Efrem Zelony-Mindell

Jared Ragland, Untitled (House of Wax), 2015

Adam Pape, Dogs, 2015
Benjamin Freedman, Moon Portrait, 2014
Masaaki Miyazawa, Once Upon a White Night, September 15, 1981
Bobby Scheidemann, Rainwater Gesture, 2015
Bryson Rand, Vincent (Brooklyn), 2016
Ben McNutt, Wrestling Headgear with Singlet, 2013
Pacifico Silano, Good Night, 2015
Alex Herzog, Locus, 2017
Anastasia Samoylova, Black and White Mountains, 2015
Ben Alper, Untitled (Wire Mesh and Shadow), 2014
Magdalena Wywrot, Pestka, 2015
Salvi Danés, Black Ice Moscow series, 2014
Keisha Scarville, Untitled #11, 2016
Mac Lawrence, Melville, 2016
Drew Nikonowicz, Untitled, 2016
Grant Willing, Untitled (Embers), 2008
James Nizam, Four Circles, 2014
Czar Kristoff, Untitled, 2015
Richard Anderson, Hollywood, 2017
Daniel Shea, LIC5, 2016
Eli Durst, Lamp, 2016
Patricia Voulgaris, Untitled Sculpture, 2017
Claudio Nolasco, Atmospheric Science Building, Colorado State University, Fort Collins, Colorado, 2013
Elizabeth Atterbury, Still Life with Landline, 2013

“There’s no earthly way of knowing. Which direction we are going. There’s no
knowing where we’re rowing. Or which way the river’s flowing. Is it raining? Is it
snowing? Is a hurricane a-blowing? Not a speck of light is showing. So the
danger must be growing. Oh, the fires of hell are glowing. Is the grisly reaper
mowing? YES! The danger must be growing! For the rowers keep on rowing!
Stop the boat.”

—From Willy Wonka and the Chocolate Factory, 1971


Out of the mysteries of the world figures and objects take form; they shine in darkness. A howling racket carves through the shifting of sight and imagery. The world of color is removed from curiosity because it is entrapped in literality. Grays, black and white, silvers—brilliant and pointed— are identified in every language and culture before color is procured. New shapes unfold with the unusual terror of unfamiliar images. Ardent, blacks and whites growl into surface and texture. Perceived light can mean so many different things. All things are allowed the grace of the divergent. Broad outlines invent the necessity for composition; framing of a scene exists even if only for a moment. Life can continue without the cast of photography but it will always be new and it is
through contemporary eyes that changes and conversations become us.

Live in the world without rules. So seldom are there plans. Panic is unencumbered when everything is in accord. Anarchy introduces new depths of thought and plausible impossibility. That is what photography has always provided: to upset established order. What gets changed? The things that are exhausted. Black and white are the dark and the bleached of photography. The practice of fixers and chemistry poured on silvers and gelatins to reproduce are now regarded as antique. But are they?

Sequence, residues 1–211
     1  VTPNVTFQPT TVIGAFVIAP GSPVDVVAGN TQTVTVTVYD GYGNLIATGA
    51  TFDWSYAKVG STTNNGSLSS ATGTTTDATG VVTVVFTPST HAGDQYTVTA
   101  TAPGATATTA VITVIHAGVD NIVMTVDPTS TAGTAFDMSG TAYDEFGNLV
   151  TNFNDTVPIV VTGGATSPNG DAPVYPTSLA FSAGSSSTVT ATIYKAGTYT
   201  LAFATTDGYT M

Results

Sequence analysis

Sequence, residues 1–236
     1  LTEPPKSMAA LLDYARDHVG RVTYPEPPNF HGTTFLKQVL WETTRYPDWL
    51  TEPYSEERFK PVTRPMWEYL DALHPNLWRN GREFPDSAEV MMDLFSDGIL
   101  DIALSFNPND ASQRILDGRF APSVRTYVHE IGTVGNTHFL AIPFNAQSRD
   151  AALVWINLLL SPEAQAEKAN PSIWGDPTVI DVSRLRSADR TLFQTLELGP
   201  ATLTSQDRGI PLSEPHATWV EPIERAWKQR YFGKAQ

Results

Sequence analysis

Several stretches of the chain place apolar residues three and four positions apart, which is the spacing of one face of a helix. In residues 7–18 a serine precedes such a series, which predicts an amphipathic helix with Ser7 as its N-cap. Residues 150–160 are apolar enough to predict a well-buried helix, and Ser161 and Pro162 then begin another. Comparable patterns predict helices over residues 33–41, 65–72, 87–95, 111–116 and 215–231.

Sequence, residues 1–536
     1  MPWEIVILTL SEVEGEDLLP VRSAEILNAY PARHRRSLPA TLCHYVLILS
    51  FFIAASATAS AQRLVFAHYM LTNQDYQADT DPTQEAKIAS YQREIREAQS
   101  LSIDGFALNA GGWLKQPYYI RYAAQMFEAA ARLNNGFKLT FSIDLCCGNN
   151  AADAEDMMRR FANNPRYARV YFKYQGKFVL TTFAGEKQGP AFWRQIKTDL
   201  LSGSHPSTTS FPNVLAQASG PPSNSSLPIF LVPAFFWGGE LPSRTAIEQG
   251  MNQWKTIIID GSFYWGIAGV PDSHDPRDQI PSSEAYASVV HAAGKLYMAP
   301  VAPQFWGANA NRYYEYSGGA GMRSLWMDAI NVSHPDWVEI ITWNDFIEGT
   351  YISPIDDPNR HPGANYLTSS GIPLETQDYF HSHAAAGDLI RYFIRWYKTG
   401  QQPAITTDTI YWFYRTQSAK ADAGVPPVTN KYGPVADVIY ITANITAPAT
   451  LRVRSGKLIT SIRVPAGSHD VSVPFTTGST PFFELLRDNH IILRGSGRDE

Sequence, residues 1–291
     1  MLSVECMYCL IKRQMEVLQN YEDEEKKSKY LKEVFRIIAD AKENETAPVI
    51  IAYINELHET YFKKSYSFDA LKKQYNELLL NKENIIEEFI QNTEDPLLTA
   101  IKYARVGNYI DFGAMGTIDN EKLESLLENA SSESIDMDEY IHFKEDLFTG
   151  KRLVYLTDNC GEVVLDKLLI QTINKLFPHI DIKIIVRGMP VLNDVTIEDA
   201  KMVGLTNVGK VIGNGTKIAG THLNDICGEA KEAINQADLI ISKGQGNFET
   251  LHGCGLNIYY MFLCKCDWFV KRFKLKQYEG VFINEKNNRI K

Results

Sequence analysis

We still need fairytales.

Suggestions thrive; pictorial lines procure the body in the frames of photography that is in black-and- white. There is something monstrous here. There are reminders of the past. Archenemies emerge. These artists, with their eyes, feed machines and papers new compositions that would have never been understood previously. A photograph is an aberration. Some of us are compelled. Everything changes completely in the landscape of this imagery. Maybe we’re still just children. Is there something abstract? Or are they merely abject?

Alone, things that hadn’t been thought of feed desire. Inventions are mediated. Formal play of removal heightens the space of sympathy in these images; their language is in distance and the invisible between objects. That margin hangs inside each photo, like a tempered gray mass. There is something truly barbaric amongst them—they are nearly crime scenes—but they are engorged by vulnerability. A figure of something to mask, pieces and personal reflections bond together like glue on such a puzzled perimeter. Lose track of the reality of an image. As viewers we are flanked victims of such an intoxicating metamorphosis. These photographs are from a space where the familiar crosses into strange.

Passengers are trapped in the inertia of recognition. Blacks formed in the darkness, like fingers, course the veins and features of these photographs. Their light is bright and surge the whites of the pictures. Haunting the forest of these images a transformed surface moves in and then out of flatness, teasing surprising relationships. Behold—a theater of construction and disorientation to navigate disbeliefs. Ghosted impressions highlight the passions of absurdity. Why are these things here? Maybe to unfasten description, or perhaps to highlight the forgotten specifics of things.

Black-and- white is pristine because everything else is in color. Mood and subject are heightened by the hue and the desaturated in these images. They rely on the strength and weakness of light inside them. In the night, during the day, dawn and dusk are consumed in the atmosphere of these photographs. They are primal in sight. Nothing that color provides can give more than what the broad vocabulary of everyday objects can: bark, the sky, grass, and the sea. What we see is inescapably wrapped up in how things are described and certain secrets reveal an endured history. We each articulate our own paths. Empty shell, running naked, contorted by thickness and contrast.

But regardless of differences there is something universal in how humans try to make sense of the world. We become comfortable or unsure and these images become something else. There is a feral looker sinking into the eyes of such frames. They ignite. They are unimaginably photogenic. These images are not looked at; they brood at you. Voices cracked, towering rock, the life and death of people and places come together Great lakes of whites and grays liven the flesh of everything here.